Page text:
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You are here: MacNN Forums > Hardware - Troubleshooting and Discussion > Mac Notebooks > Macbooks Not Allowed On Planes Or Govt. Buildings?

Macbooks Not Allowed On Planes Or Govt. Buildings?
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manasgajare
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May 22, 2006, 11:32 AM
 
They just mentioned this on CNBC. Apparently the built in iSight violates the new security policy on airplanes and government buildings regarding recording devices. And it's not like you can just turn it off...they won't allow it in the building period. Anyone have any more information on this? Considering how many people the government employs, Apple might have been better off making the built in camera an option. And I thought going to jury duty next month was going to be a lot less boring
     
siMac
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May 22, 2006, 11:36 AM
 
Originally Posted by BaronVonBlah
security policy on airplanes and government buildings regarding recording devices.
Does this policy only cover video recording devices or audio too?

If this is true a lot of people are going to find themselves unable to take their cellphones on planes/to work...
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SLiMeX
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May 22, 2006, 11:36 AM
 
I laughed out loud when I read this.

Does anyone else find it funny?
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Hi I'm Ben
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May 22, 2006, 11:37 AM
 
I'm not so sure the airplane thing holds true. I've taken many pictures in planes and from plans while flying, it's never been an issue. I've even used a cell phone in the plane as long as the "Phone" mode was turned off. A lot of PDA phones have this feature...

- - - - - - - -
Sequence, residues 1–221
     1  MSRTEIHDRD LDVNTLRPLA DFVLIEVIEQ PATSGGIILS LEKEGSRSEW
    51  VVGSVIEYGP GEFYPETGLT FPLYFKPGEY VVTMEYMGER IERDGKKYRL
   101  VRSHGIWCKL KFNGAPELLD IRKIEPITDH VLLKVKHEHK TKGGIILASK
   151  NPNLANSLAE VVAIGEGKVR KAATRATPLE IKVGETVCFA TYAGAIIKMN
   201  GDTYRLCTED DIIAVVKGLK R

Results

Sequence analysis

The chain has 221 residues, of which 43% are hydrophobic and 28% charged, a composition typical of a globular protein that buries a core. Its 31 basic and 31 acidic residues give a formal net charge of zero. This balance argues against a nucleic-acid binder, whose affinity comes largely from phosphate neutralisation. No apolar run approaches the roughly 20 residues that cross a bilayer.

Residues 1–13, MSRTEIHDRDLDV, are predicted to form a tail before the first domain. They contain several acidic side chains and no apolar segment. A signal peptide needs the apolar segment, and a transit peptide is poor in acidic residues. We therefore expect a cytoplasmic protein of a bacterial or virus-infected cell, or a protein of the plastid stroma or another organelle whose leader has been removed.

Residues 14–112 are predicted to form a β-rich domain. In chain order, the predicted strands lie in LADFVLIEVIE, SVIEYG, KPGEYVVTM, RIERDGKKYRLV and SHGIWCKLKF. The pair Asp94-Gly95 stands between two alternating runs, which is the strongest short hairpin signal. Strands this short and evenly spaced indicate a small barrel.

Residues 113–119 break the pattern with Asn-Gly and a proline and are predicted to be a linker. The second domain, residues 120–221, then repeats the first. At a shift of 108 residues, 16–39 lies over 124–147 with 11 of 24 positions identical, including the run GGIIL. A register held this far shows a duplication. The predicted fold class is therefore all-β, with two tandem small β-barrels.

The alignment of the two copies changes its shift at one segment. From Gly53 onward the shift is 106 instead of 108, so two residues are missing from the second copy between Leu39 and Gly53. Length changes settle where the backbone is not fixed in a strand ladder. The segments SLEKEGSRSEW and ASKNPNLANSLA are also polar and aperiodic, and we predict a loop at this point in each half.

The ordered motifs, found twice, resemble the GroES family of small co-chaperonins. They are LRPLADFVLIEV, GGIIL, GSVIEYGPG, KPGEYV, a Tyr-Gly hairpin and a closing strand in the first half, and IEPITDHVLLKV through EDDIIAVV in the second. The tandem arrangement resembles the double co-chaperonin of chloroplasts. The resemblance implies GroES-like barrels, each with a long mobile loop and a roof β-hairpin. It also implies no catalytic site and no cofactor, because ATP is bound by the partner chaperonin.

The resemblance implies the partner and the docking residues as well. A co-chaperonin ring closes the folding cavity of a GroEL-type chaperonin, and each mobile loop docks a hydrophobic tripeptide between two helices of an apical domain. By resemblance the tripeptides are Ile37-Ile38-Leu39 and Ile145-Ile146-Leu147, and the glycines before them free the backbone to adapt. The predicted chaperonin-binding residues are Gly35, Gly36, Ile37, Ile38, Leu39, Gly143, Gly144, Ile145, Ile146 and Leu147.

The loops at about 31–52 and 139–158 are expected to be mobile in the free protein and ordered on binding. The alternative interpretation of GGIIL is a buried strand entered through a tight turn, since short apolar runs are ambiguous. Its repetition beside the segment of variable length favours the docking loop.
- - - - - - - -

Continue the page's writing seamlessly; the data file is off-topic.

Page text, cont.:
I can possibly understand government buildings, but do you really think the people at the security desk for the court are going to know the difference between a macbook and any other laptop? I highly doubt it.
     
harrisjamieh
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May 22, 2006, 11:39 AM
 
Originally Posted by siMac
Does this policy only cover video recording devices or audio too? A lot of people are going to find themselves unable to take their cellphones on planes/to work too...
I guess it would, seeing as they are recording equipment too. But if you look at the airplane bit, think about the percentage of people who go on to a plane with a mobile phone - 99% of those mobile phones will have a recording func on them, and the vast majority will also have a camera.

I have heard about cameras not being allowed in gov. buildings, but not on airplanes (on which I always take a camcorder in my hand luggage)

Edit: damn, Ben beat me to it!
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icruise
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May 22, 2006, 11:47 AM
 
Government work is one thing, but surely it can't be true that you can't take a camera on an airplane. And if so, why is the MacBook getting the press? As others have said, banning the camera phones that everyone seems to have, and the camcorders and digital cameras that everyone brings on vacation would seem to affect a hell of a lot more people. What is the rationale behind not allowing them on an airplane? What could possibly happen?

Anyway, I imagine the people at theipatch.com will be coming out with something usable on a laptop.

http://www.theipatch.com/
     
harrisjamieh
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May 22, 2006, 11:52 AM
 
If someone use that ipatch thing for what it is designed for, to stop people from seeing you when you want to have privacy, they must have a serious case of paranoia!

oh, and... 1000th post!!! woo!!
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manasgajare  (op)
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May 22, 2006, 12:03 PM
 
that iPatch thing doesn't seem useful in this case since I doubt they'll be like "Go ahead Akbar, just promise not to remove that piece of plastic from the camera...ok?"
     
icruise
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May 22, 2006, 12:08 PM
 
Well, supposedly it can be attached permanently. I guess the other option for people working where they don't allow cameras is to just destroy the camera with some superglue or something over the lens. There was a thread about this issue on Macintouch a bit ago.